Denmark is requiring residents in 25 majority-immigrant enclaves to send their children to mandatory Christian and Danish values classes or risk losing their welfare benefits. It’s the latest in a series of immigrant-restricting proposals not only from the Danish government, but from far-right politicians across Europe who are revising government policies regarding immigrants.

In June, Hungary’s Prime Minister Viktor Orban implemented the “Stop Soros” law (named after Hungarian philanthropist George Soros), which bans individuals and organizations from providing aid to undocumented immigrants. As Vox explains, “ [The law] is so broadly worded, that, in theory, the government could arrest someone who provides food to an undocumented migrant on the street.”

Also in June, Italy’s Deputy Prime Minister Matteo Salvini proposed a census of the country’s Roma population, drawing parallels, as CNN observes, “with race laws approved during the regime of Benito Mussolini.” It’s not yet a law, but as Al-Jazeera reported Sunday, local authorities cleared a Roma camp of  approximately 450 people shortly after Salvini called for the census.

Denmark’s laws, however, are particularly striking, both in terms of how they target specific areas based on immigrant population, and in the severity of punishments for noncompliance, which in some cases can result in jail time or loss of the country’s extensive welfare benefits.

The Danish government, The New York Times reports, is “introducing a new set of laws to regulate life in 25 low-income and heavily Muslim enclaves, saying that if families there do not willingly merge into the country’s mainstream, they should be compelled.”

The series of laws, also known as “the ghetto package,” includes proposals to double jail time for certain crimes committed in the neighborhoods and to punish parents for sending their children on long trips to their country of origin. One proposal that was rejected for being too radical would have banned certain immigrant children from the 25 enclaves from being outside their homes after 8 p.m.

The proposal requiring mandatory Danish and Christian values education, however, was passed by the Danish parliament last month.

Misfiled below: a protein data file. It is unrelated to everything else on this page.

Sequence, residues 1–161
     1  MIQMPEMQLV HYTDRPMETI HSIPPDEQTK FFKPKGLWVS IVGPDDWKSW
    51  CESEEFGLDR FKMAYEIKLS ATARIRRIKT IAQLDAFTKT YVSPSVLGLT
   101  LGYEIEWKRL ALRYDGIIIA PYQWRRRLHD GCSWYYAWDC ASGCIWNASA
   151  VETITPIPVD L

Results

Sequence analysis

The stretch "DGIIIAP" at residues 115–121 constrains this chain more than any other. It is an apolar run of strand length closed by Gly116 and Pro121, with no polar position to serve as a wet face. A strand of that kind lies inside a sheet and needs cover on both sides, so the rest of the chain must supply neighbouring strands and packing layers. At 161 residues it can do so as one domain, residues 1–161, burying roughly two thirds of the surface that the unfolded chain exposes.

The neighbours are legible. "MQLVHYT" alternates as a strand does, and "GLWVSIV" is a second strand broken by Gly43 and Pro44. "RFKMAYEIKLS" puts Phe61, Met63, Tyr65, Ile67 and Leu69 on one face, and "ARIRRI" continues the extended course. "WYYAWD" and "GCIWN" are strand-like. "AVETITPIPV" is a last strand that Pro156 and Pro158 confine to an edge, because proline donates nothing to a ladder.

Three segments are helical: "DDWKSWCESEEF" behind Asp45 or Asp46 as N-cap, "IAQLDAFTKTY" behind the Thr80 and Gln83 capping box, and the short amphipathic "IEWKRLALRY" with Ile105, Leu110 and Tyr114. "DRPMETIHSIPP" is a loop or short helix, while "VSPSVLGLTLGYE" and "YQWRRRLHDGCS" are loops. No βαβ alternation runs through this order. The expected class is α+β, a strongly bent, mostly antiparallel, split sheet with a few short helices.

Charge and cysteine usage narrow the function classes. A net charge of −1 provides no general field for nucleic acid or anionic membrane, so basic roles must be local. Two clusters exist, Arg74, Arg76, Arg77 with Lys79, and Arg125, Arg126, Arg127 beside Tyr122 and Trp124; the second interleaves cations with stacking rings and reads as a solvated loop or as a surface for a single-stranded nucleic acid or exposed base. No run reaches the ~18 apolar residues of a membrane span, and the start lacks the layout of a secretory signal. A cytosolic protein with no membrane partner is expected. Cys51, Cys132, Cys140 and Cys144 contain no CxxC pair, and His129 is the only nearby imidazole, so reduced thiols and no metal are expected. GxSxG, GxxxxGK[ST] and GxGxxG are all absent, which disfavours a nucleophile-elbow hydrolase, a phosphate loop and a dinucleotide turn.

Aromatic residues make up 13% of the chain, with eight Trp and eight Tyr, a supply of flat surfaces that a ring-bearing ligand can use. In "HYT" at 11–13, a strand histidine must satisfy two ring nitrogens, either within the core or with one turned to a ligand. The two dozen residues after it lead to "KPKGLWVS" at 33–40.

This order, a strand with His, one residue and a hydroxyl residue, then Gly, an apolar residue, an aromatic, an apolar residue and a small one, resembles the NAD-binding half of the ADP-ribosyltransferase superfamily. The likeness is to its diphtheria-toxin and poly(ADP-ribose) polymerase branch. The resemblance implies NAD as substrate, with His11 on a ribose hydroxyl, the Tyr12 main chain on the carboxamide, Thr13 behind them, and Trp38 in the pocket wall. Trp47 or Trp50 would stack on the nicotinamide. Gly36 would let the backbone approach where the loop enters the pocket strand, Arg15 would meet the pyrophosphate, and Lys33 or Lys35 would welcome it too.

From the time children are 1 year old, the Times explains, they “must be separated from their families for at least 25 hours a week, not including nap time, for mandatory instruction in ‘Danish values,’ including the traditions of Christmas and Easter, and Danish language. Noncompliance could result in a stoppage of welfare payments. Other Danish citizens are free to choose whether to enroll children in preschool up to the age of six.”

Danish Minister of Education Merete Riisager explained the reasoning behind the law to The Copenhagen Post, saying, “There are a number of parents who come from the Middle East who have a totally different understanding of pedagogy, childhood and school than their Scandinavian counterparts.”

In addition to Danish and Christian education for preschoolers, Time magazine reports that 5- and 6-year-old students in 24 Danish schools will be “ ‘guinea pigs’ for a new policy aimed at integrating non-Western immigrants into Danish society. From 2019, it will become law for schools that take more than 30 percent of their students from “ghetto” areas to force their students to take language tests.”

Denmark has long struggled with how to balance its generous welfare state, intended to serve a small, mostly white, Christian population, with an influx of immigrants, many of them Muslim. The white Danes the Times quoted were as supportive of these new laws as they were disparaging of immigrants.

Anette Jacobsen, a retired pharmacist’s assistant, praised the welfare benefits that gave her and her four children free education and health care, saying that  “she felt a surge of gratitude every time she paid her taxes,” but maintaining that she and other white Danes are deserving of Denmark’s benefits, unlike immigrants, who Jacobsen believes abuse the system. As she explained, “There is always a cat door for someone to sneak in,” and, she continued, “their culture doesn’t fit here.”

Never mind that, as Rokhaia Naassan, a daughter of Lebanese refugees and a resident of an affected neighborhood told the Times, not only does she speak fluent Danish, she talks to her children in Danish, so much so that her children’s grandparents complain that they can’t talk to their grandchildren in Arabic. In addition, Naassan and her sisters said, they’d move out of their neighborhood if they could afford to.

When they were growing up, the sisters said they rarely encountered Islamophobia. Now, Rokhaia’s sister Sara wonders, “Maybe this is what they always thought, and now it’s out in the open.” She added, “Danish politics is just about Muslims now. They want us to get more assimilated or get out. I don’t know when they will be satisfied with us.”




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